Portsmouth band scrambles to fund inaugural trip
PORTSMOUTH — Emily Post said if you’d like someone to come to your cocktail party, you should send the invitation out one to four weeks in advance. Her rule for a bar mitzvah was one month and for a charity ball, six weeks to three months.
Unfortunately, she never considered the rules of etiquette when inviting 190 people to a presidential inauguration. If she had, one can only assume Ms. Post would have given the Portsmouth High School band, which is marching in President Barack Obama’s second inaugural parade Monday, more than three weeks’ notice.
Band director Ted Rausch was home playing Xbox hockey with his son Dec. 28 when he received the e-mailed invitation from the Presidential Inaugural Committee. “It said they needed a decision by 6 p.m. that night,” said Mr. Rausch, adding the news came as a complete surprise because he never even sent in an application for the band to appear in the parade. (More than 1,000 applications came in from all over the country.)
“I remember calling and asking, ‘Did someone drop the ball?’ and she said no.”
The reason Portsmouth was chosen, he was told, was because several members of the inaugural committee were impressed with the band’s performance at the Cherry Blossom Festival last April. “I always tell the students that you never know who might be watching you at any time, and what kind of impact it can have,” said Mr. Rausch.
After contacting school officials and the Portsmouth Music Boosters, Mr. Rausch decided to accept the invite. Then came the hard part — raising the estimated $60,000 or more needed to fund the trip and finding a place for band members and chaperones to stay. The group is leaving Portsmouth Sunday morning, Jan. 20, and will return late Tuesday, Jan. 22.
After several calls to hotels went nowhere, the band settled on the National 4-H Youth Conference Center in Chevy Chase, Md., where students will be sleeping in bunk beds. Finding a place to take band members out to dinner was even harder.
“We ask for reservations for 190 people — on inaugural weekend — and they laugh at us,” said Mr. Rausch. The Great American Buffet ultimately agreed to accommodate the request.
The biggest challenge has been trying to raise over $60,000 in three weeks. As of Monday, just over $20,000 had been raised in third-party donations, according to Jim Wilkinson, president of the Portsmouth Music Boosters. On Jan. 8, the School Committee voted to appropriate up to $25,000 to cover any shortfalls.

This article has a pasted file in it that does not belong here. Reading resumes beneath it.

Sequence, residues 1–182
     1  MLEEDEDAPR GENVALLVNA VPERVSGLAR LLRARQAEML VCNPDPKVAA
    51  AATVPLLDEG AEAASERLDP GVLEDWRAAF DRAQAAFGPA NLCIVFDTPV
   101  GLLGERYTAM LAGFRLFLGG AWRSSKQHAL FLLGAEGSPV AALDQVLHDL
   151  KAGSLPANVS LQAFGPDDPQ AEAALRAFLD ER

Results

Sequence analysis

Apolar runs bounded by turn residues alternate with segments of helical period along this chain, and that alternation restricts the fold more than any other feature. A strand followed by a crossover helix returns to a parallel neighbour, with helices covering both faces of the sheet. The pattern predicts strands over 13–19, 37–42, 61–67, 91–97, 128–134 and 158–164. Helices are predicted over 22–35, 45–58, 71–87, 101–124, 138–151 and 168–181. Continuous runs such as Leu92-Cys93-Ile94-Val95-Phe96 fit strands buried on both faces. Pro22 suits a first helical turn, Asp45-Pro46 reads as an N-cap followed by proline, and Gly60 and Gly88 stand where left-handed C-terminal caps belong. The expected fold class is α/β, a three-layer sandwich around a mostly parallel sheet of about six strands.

(By contrast, a story in the Jan. 15, 1981 Sakonnet Times — just a few days before the PHS band played in Ronald Reagan’s inaugural parade — quoted then-band director Ray Ainsworth saying that nearly $4,000 in donations had been raised for the trip.)
Parents are also being asked to chip in, but the band is trying to keep their contribution to a minimum. The per-student cost to families is $100 — “not a penny more,” said Mr. Wilkinson.
Mr. Rausch pointed out that the band visited D.C. last year and had already planned a trip to Bermuda later in 2013. “I’m very conscientious when it comes to having parents pay more money for another trip,” he said, adding that the inaugural jaunt will be bare bones with little or no sightseeing.
Despite the challenge of planning a trip for a large group with such little notice, Mr. Rausch said he’s excited for the opportunity. “Of all the trips we’ve planned, this is the most unplanned by far,” he said. “It’s been a whirlwind for me. We’ve been going 90 miles per hour.”
Mr. Wilkinson, meanwhile, seems to be thriving on the chaos and is confident it will all come together. “It’s like that line in ‘Apollo 13.’ It’s not going to be a disaster; it’s going to be our finest hour,” he said.
Donations toward the band’s trip can be sent to PHS Music Boosters, PO Box 21, Portsmouth, RI 02871. You can also donate through the Music Boosters website at www.portsmouthmusicboosters.org.